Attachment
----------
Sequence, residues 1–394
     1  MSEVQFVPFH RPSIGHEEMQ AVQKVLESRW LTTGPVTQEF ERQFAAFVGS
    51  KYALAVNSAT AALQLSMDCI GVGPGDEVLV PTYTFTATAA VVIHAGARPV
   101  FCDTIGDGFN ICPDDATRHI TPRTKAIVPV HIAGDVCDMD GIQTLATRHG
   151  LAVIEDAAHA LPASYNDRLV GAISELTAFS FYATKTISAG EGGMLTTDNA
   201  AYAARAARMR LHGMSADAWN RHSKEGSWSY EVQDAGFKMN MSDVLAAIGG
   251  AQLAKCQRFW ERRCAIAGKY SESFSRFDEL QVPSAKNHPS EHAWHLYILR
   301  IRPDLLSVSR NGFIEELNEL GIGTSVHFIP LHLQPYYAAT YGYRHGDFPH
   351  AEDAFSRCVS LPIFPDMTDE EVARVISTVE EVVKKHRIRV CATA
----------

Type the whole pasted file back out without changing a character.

Sequence, residues 1–394
     1  MSEVQFVPFH RPSIGHEEMQ AVQKVLESRW LTTGPVTQEF ERQFAAFVGS
    51  KYALAVNSAT AALQLSMDCI GVGPGDEVLV PTYTFTATAA VVIHAGARPV
   101  FCDTIGDGFN ICPDDATRHI TPRTKAIVPV HIAGDVCDMD GIQTLATRHG
   151  LAVIEDAAHA LPASYNDRLV GAISELTAFS FYATKTISAG EGGMLTTDNA
   201  AYAARAARMR LHGMSADAWN RHSKEGSWSY EVQDAGFKMN MSDVLAAIGG
   251  AQLAKCQRFW ERRCAIAGKY SESFSRFDEL QVPSAKNHPS EHAWHLYILR
   301  IRPDLLSVSR NGFIEELNEL GIGTSVHFIP LHLQPYYAAT YGYRHGDFPH
   351  AEDAFSRCVS LPIFPDMTDE EVARVISTVE EVVKKHRIRV CATA